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Inter County Surveys

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Building Control

Why do I need Building Control or Building Regulations?

As we have mentioned before, Planning permission assesses whether the development fits in with local and national policies and whether it would cause unacceptable harm, for example, to neighbours' quality of life. Whereas building control covers the structural, safety and accessibility aspects of development and progress throughout the construction.

Planning permission and building regulations approval (building control) are different and they are covered by separate pieces of legislation. Sometimes you may need both; sometimes you may only require one; or none at all. Because the planning legislation is distinctly different from building control legislation, please don’t think that one grants consent for another.

In June 2022, significate changes took place in regard to many aspects of the Building Regulations. These changes took place as part of the Government drive towards Nett Zerro.

Together with these changes, another very significate change that came into force in April 2023, is the Building Safety Act.

These new regulations have had a significant effect on the way in which construction is carried out, and the materials that now have to be used. The adage of the builder saying 'I've done it like this for 40 years' means nothing. It's a whole new ball game.

These are the biggest changes to building safety legislation for nearly 40 years, and they will raise standards across the industry and ensure designers, contractors, sub-contractor and building owners have nowhere to hide if they break the rules.


A defining element of the Building Safety Act is the responsibility on Clients, Designers and Contractors to be competent to ensure compliance with the Building Regulations.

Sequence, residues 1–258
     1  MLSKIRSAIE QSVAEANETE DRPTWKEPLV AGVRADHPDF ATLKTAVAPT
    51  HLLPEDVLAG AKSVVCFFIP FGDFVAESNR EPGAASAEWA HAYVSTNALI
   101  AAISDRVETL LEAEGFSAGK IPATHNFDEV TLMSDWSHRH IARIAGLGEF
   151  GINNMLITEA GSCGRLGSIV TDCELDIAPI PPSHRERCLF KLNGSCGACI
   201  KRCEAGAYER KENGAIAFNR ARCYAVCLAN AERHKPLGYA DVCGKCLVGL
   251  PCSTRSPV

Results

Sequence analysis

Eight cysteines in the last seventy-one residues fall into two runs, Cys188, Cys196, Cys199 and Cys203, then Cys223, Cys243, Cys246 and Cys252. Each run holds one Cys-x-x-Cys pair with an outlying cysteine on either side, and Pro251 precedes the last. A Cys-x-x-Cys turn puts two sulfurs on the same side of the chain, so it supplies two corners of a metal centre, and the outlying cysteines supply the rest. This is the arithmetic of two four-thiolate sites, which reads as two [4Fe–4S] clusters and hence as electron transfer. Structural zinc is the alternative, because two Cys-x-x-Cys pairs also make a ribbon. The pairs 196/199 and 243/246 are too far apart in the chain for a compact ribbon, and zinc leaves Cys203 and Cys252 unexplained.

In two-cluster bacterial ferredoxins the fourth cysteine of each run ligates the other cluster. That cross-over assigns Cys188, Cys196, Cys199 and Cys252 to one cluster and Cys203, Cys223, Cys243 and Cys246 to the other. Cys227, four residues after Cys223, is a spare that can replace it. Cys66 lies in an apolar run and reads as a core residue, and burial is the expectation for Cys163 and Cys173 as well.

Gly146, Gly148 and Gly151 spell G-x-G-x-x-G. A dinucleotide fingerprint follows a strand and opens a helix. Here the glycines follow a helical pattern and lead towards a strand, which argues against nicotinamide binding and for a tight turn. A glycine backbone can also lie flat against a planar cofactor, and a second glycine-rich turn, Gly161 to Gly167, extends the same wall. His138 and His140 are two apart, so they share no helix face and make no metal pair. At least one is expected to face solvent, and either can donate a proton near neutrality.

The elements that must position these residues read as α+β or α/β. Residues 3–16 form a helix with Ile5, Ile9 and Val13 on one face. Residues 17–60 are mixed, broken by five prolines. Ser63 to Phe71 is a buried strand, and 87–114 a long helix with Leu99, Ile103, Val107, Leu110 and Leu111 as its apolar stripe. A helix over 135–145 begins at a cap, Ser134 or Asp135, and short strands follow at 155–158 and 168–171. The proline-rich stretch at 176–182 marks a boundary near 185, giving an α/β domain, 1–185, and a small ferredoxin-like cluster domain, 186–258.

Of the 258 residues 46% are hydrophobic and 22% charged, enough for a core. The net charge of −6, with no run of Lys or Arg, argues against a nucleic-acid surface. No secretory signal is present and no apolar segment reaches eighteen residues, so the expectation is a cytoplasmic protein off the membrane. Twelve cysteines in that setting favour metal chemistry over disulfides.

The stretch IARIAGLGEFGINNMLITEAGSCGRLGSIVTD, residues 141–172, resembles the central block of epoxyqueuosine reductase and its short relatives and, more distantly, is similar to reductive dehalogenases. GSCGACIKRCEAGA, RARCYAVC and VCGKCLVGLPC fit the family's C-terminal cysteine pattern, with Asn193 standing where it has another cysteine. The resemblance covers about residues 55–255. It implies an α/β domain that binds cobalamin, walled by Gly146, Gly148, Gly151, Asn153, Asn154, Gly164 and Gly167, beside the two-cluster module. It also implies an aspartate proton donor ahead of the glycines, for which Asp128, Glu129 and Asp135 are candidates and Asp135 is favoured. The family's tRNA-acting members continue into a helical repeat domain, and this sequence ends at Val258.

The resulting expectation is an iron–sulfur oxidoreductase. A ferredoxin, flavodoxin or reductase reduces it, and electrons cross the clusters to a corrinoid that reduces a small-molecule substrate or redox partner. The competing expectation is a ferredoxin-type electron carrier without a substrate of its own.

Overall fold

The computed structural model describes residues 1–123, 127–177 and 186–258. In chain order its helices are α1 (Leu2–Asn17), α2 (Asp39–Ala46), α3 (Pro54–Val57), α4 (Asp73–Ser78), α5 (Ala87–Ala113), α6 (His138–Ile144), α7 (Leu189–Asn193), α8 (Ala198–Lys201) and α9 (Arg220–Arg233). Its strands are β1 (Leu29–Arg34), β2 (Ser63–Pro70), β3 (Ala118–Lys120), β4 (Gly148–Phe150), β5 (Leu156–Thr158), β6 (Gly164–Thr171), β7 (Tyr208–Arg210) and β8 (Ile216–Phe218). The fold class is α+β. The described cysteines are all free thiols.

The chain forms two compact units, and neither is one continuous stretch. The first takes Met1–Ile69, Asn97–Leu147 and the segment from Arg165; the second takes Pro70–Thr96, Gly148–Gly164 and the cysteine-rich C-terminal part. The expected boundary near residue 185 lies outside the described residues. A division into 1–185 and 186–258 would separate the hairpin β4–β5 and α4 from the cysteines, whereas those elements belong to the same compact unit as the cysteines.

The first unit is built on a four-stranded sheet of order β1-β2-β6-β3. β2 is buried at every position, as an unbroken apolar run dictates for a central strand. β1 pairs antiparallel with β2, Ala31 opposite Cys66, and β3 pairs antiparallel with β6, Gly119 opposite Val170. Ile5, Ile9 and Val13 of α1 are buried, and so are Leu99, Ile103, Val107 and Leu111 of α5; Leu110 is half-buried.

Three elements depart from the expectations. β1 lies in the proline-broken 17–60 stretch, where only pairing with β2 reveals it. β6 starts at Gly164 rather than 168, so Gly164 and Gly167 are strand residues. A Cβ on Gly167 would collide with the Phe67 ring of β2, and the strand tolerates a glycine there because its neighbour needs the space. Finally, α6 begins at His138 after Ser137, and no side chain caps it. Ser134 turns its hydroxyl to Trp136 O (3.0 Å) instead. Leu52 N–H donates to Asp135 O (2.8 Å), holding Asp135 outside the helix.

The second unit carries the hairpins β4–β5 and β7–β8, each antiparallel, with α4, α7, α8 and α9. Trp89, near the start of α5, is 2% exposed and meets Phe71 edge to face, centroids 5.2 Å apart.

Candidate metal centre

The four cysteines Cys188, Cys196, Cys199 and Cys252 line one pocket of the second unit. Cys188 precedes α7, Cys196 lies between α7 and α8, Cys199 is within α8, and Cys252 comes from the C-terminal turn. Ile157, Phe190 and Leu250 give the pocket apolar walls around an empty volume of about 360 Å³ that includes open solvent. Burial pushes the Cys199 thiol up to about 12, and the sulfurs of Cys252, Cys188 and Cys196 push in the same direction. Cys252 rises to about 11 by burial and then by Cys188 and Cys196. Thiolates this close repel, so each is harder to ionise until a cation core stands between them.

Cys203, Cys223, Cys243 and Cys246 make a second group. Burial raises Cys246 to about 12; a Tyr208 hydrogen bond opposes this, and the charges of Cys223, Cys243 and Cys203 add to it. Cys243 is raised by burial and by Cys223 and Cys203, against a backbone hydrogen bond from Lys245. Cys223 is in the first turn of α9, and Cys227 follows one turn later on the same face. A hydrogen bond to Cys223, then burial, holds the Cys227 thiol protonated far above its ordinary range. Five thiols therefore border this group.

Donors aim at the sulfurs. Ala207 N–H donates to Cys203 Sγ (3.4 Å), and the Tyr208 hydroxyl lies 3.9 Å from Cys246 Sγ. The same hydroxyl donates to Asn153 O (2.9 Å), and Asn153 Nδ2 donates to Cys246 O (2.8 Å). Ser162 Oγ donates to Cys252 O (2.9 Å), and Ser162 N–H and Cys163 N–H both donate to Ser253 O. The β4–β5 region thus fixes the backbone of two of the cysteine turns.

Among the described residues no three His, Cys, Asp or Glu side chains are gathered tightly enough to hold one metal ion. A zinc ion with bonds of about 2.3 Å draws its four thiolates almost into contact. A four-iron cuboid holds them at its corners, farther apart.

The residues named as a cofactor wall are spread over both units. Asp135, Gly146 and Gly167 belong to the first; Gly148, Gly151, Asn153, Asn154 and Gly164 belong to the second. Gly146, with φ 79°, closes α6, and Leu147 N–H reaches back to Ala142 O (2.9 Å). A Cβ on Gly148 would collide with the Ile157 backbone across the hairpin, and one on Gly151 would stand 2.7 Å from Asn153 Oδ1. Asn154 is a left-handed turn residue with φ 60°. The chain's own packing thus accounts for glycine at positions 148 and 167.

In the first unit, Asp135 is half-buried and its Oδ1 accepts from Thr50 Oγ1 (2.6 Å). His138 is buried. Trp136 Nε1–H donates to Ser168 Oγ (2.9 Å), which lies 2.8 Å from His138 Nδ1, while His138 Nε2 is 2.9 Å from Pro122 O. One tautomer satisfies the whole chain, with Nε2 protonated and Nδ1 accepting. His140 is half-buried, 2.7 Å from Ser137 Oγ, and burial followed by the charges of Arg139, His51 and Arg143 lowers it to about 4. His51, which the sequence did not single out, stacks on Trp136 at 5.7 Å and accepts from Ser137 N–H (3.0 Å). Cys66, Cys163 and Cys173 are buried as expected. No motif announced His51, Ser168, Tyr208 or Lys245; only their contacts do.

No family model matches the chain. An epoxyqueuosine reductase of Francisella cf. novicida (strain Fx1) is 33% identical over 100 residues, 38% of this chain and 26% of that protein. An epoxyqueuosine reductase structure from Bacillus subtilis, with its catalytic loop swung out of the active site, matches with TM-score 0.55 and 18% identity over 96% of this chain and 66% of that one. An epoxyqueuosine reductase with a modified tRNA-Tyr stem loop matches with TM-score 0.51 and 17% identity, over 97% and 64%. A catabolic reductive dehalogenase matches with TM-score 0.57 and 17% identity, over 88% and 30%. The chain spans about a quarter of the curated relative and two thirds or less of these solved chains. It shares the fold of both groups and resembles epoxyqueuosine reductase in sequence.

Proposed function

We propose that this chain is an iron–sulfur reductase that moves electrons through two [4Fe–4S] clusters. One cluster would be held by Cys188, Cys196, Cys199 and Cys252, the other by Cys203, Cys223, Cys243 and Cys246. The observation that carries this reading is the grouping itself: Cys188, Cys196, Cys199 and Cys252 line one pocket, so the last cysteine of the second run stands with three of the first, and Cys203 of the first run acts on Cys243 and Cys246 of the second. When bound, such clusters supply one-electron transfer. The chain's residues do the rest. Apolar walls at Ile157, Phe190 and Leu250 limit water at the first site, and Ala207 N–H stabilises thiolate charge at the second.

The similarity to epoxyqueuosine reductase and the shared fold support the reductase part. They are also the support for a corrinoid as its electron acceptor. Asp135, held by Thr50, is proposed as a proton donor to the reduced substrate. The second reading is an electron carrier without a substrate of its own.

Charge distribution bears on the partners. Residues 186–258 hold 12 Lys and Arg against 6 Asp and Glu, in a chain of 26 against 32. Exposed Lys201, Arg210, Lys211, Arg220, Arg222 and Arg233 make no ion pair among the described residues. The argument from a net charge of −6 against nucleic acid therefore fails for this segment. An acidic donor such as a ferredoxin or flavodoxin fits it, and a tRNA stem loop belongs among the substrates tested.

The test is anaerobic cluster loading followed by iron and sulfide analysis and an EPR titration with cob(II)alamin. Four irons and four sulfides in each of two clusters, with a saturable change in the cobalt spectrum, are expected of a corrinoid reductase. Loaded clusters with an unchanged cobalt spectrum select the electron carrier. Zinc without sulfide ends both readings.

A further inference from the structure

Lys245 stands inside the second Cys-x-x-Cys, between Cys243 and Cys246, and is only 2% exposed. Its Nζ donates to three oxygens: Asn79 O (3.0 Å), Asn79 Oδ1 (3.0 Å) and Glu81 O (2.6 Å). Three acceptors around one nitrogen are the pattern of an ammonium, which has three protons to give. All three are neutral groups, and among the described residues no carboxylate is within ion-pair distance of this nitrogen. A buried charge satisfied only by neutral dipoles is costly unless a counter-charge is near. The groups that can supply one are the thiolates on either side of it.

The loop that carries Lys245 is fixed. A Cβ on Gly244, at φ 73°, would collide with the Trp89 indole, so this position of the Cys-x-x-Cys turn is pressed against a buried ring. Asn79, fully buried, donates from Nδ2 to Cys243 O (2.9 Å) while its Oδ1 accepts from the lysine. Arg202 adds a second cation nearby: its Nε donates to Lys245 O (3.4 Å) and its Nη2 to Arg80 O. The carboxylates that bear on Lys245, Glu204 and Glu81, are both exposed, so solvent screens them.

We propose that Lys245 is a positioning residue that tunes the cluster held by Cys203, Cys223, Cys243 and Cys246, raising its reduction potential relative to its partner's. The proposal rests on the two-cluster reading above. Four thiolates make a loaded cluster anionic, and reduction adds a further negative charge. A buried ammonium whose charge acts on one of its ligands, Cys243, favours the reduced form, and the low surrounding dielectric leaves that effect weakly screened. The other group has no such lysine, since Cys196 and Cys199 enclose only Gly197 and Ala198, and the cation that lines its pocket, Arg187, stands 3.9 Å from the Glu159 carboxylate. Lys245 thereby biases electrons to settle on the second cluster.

For Principal Designers (us) and Contractors this responsibility for competence extends to compliance with the Act.


The building designer will be responsible for the design of the building, extension/alteration, and to ensure that it complies with the requirements of the Building Regulations and the Building Safety Act. Builders, contractors/sub-contractors will not be able to just change the design or change a type of material on a whim because he has found a cheaper alternative at his local builders merchant. 

It is Building Control’s responsibility to ensure that where building work are carried out the requirements of the regulations are complied with and to instigate the appropriate action where the construction of the works or procedure is not met. 

On the completion of the control works (works subject to inspection) a completion certificate is issued to the home owner stating that the works have been completed in accordance with the regulations. 

An important part (and a legal requirement) of any new dwelling, extension or alteration, is the requirement for a EPC, Energy Performance Certificate. For more information please follow the link.